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Abstract Detail



Ecology

Streher, Nath├ília Susin [1], Bergamo, Pedro Joaquim [2], Ashman, Tia-Lynn [3], Wolowski, Marina [4], Sazima, Marlies [5].

Trait and density drivers of heterospecific pollen deposition in a biodiverse tropical highland community.

In diverse co-flowering communities, plant species can interact indirectly by altering pollinator foraging decisions and consequently pollinator visitation. Pollinator movement among different plant species can result in heterospecific pollen deposition on stigmas which can affect plant reproduction. Similar to pollinator visitation, heterospecific pollen deposition is hypothesized to be trait- and density-mediated. Assessing the drivers of heterospecific pollen receipt in natural conditions can reveal the consequences of pollinator sharing on community assembly. Here, we investigated which species-specific and community-related reproductive traits (floral tube length, flower size, stigma height, stigma exposure, pollination system, floral abundance, distinctiveness between species stigma and community anthers, floral color distinctiveness, and flowering synchrony) mediate the intensity of species heterospecific pollen receipt in a biodiverse tropical highland community. We also tested whether the proportion of heterospecific pollen receipt of individuals within species is affected by neighbor flower density. We systematically sampled 978 stigmas from 30 species over two flowering seasons: we enumerate pollen grains received and related them to the surrounding community floral traits and co-flowering densities. All species analyzed received heterospecific pollen grains but the loads varied extensively among individuals. Our results indicated that species with stigmas more extended beyond corolla captured more heterospecific pollen. Species that were visited by only one pollinator functional group (functionally specialist flowers) received more heterospecific pollen load than generalist ones (functionally generalist flowers). This unexpected tendency may be a sign of the pollinators' generalization that visit the specialized plants. The heterospecific pollen proportion (in relation to total load) that individuals received depended on the interaction between conspecific and heterospecific densities and was scale-dependent. At neighbor scale (within a 2m radius), high numbers of conspecifics and heterospecifics diminished the proportion of heterospecific pollen receipt. Conversely, at landscape scale (0.2ha of the total area sampled), the same co-flowering pattern enhanced the proportion of heterospecific pollen receipt. Interestingly, flowering with heterospecifics seems to be a good pollination strategy if it occurs in small patches where everyone’s flowering densities are high. The larger flowering display that emerges may maintain floral constancy of pollinators or a floral complex arrangement that avoids heterospecific pollen among nearby neighbors. Therefore, our study suggests that processes regulating heterospecific pollen receipt may differ in tropical highland communities.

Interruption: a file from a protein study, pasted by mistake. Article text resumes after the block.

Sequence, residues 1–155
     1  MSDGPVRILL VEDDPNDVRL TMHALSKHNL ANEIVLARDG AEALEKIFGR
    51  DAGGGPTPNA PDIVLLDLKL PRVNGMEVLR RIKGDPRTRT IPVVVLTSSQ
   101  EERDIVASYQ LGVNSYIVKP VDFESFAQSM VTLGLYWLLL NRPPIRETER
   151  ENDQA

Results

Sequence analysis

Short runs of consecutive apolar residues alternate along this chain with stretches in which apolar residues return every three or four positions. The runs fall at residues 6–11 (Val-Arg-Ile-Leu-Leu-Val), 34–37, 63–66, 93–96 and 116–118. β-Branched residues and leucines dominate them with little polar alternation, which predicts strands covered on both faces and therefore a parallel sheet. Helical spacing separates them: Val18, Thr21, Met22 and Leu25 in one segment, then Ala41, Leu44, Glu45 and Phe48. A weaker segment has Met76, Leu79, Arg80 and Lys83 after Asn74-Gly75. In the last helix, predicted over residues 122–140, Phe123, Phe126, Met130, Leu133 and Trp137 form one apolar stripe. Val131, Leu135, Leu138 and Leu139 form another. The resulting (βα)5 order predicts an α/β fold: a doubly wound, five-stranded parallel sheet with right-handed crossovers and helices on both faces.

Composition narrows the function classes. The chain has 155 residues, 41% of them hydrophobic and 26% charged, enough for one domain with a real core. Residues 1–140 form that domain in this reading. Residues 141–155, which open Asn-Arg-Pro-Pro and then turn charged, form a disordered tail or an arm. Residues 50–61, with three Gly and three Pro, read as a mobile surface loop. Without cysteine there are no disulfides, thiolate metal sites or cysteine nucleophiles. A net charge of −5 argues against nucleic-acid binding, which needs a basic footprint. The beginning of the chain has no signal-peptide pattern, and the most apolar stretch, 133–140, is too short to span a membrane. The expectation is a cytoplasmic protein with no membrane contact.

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1 - University of Campinas, Campinas, SP, Brazil
2 - Rio de Janeiro Botanical Garden, Rio de Janeiro, Rio de Janeiro, RJ, Brazil
3 - Department Of Biological Sciences, 4249 Fifth Avenue & Ruskin, Pittsburgh, PA, 15260, United States
4 - Federal University of Alfenas, Institute of Natural Sciences, Alfenas, MG, Brazil
5 - University of Campinas, Plant Biology Department, Campinas, SP, Brazil

Keywords:
plant-pollinator interactions
pollen deposition
plant reproduction
pollination
Tropical plants.

Presentation Type: Oral Paper
Session: ECO8, Ecology: Interactions
Location: /
Date: Friday, July 23rd, 2021
Time: 10:45 AM(EDT)
Number: ECO8004
Abstract ID:564
Candidate for Awards:None


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